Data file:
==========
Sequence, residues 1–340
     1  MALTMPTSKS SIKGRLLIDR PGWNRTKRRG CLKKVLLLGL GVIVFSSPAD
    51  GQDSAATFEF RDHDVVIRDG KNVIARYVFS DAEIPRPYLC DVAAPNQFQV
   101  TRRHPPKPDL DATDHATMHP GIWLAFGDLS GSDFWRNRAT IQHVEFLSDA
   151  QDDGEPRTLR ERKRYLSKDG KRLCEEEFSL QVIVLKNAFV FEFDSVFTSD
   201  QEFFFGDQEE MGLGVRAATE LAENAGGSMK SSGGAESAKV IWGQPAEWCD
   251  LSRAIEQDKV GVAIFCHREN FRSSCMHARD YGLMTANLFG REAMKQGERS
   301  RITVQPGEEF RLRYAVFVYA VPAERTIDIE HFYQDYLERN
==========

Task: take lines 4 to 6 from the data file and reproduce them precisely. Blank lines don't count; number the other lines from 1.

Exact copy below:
   101  TRRHPPKPDL DATDHATMHP GIWLAFGDLS GSDFWRNRAT IQHVEFLSDA
   151  QDDGEPRTLR ERKRYLSKDG KRLCEEEFSL QVIVLKNAFV FEFDSVFTSD
   201  QEFFFGDQEE MGLGVRAATE LAENAGGSMK SSGGAESAKV IWGQPAEWCD